“A disturbing trend has developed in which financial institutions are declining to work with entire industries based upon the desires of a small vocal minority who are using the modern-day megaphone of social media to cancel entire lawful commerce and businesses,” Findlay said. And he said there is precedent for what the firearms manufacturers and dealers are seeking.

“Government has a long history of regulating the banking industry and financial institutions,” he said.

For example, he cited the Equal Credit Opportunity Act. It bars discrimination on the basis of race, color, religion, national origin, sex, martial status, receipt of public assistance or good faith exercise of any rights under the Consumer Credit Protection Act. There’s also the Americans with Disabilities Act which provides civil rights protections to those with disabilities.

Rodriguez bristled at the comparisons.

“Are you equating legislation that is designed to prevent ‘redlining’ in racial discrimination to this bill?” he asked, referring to federal protections against housing discrimination based on race. Findlay backed off.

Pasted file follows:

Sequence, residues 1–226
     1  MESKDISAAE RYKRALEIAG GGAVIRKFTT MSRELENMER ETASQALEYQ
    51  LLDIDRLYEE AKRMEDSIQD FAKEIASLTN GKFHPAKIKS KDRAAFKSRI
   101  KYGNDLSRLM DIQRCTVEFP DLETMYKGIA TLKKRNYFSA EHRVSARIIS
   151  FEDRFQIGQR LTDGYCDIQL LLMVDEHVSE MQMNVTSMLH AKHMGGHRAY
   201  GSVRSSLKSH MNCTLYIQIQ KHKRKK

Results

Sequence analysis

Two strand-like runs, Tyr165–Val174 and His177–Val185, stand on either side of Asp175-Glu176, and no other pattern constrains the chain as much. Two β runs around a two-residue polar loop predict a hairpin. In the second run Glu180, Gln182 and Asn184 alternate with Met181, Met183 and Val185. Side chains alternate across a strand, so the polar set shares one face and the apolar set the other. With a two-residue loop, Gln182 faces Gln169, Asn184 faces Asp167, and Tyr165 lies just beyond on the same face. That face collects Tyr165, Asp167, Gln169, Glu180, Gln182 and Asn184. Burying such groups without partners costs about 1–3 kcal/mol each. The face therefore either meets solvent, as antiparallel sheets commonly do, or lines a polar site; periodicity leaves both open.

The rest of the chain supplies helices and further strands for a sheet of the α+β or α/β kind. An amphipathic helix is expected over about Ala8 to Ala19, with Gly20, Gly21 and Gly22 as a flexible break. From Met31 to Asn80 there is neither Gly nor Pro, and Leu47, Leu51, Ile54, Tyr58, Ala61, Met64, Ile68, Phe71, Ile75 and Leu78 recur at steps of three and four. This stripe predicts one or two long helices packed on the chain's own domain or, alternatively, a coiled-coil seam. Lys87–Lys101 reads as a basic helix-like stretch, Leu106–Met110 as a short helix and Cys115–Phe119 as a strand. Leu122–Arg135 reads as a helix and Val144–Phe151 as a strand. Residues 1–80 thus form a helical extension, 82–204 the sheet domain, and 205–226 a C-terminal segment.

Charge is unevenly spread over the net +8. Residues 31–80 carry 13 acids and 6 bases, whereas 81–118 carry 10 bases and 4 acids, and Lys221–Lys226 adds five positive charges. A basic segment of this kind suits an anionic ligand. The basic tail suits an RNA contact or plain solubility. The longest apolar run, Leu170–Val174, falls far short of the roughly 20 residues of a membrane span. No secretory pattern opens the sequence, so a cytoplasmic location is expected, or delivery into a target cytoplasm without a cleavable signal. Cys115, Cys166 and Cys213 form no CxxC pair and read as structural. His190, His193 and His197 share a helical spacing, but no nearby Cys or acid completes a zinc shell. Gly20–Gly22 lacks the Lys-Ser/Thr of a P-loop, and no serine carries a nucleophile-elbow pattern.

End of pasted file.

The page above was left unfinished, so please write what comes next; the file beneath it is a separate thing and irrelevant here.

“I’m not equating it to those two things,” he said. But Findlay said it falls within the statutes of what is and is not permissible.

“If you prevent an entire industry, and your entire policy is to prevent an entire industry from access to capital and financial services, then it would be, as the U.S. Code says, discrimination,” he said.

That did not satisfy Rodriguez who pointed out that the legislation would allow a “victim” of this kind of discrimination to get not only actual damages but also triple and punitive damages.

“The idea that equating a manufacturer’s access to capital is the same as actively, proactively punishing and preventing discrimination in lending, which has been throughout the history of this country, I take offense to that,” he said. “This bill gives remedy to gun manufacturers that I, a person of color, wouldn’t have even if I could show I was discriminated against.”

Rep. Diego DeGrazia, D-Tucson, suggested that Findlay was taking liberties with what constitutes “discrimination.” He said that the law bars discrimination against “protected classes.”

“Those classes are generally based on race, color, religion, national origin, sex, marital status, age,” DeGrazia said. “Are you saying that a company that wants to manufacture firearms or firearms products is somehow a protected class?”

But House Speaker Rusty Bowers, R-Mesa, said the definition is not as narrow as all that.

“The ‘protected class’ here is those who exercise the right to bear arms,” he said.

Bowers said it’s not like the banks are taking away someone’s guns.

“The angle is we will address and use our considerable power to influence the banking institutions that otherwise are happy to loan to anybody to make a profit,” he said.

Carroll said the state needs to defend the firearms industry, saying it is “supporting the health and safety of persons with their Second Amendment right to defend themselves.”

No date has been set for the bill to go to the House floor.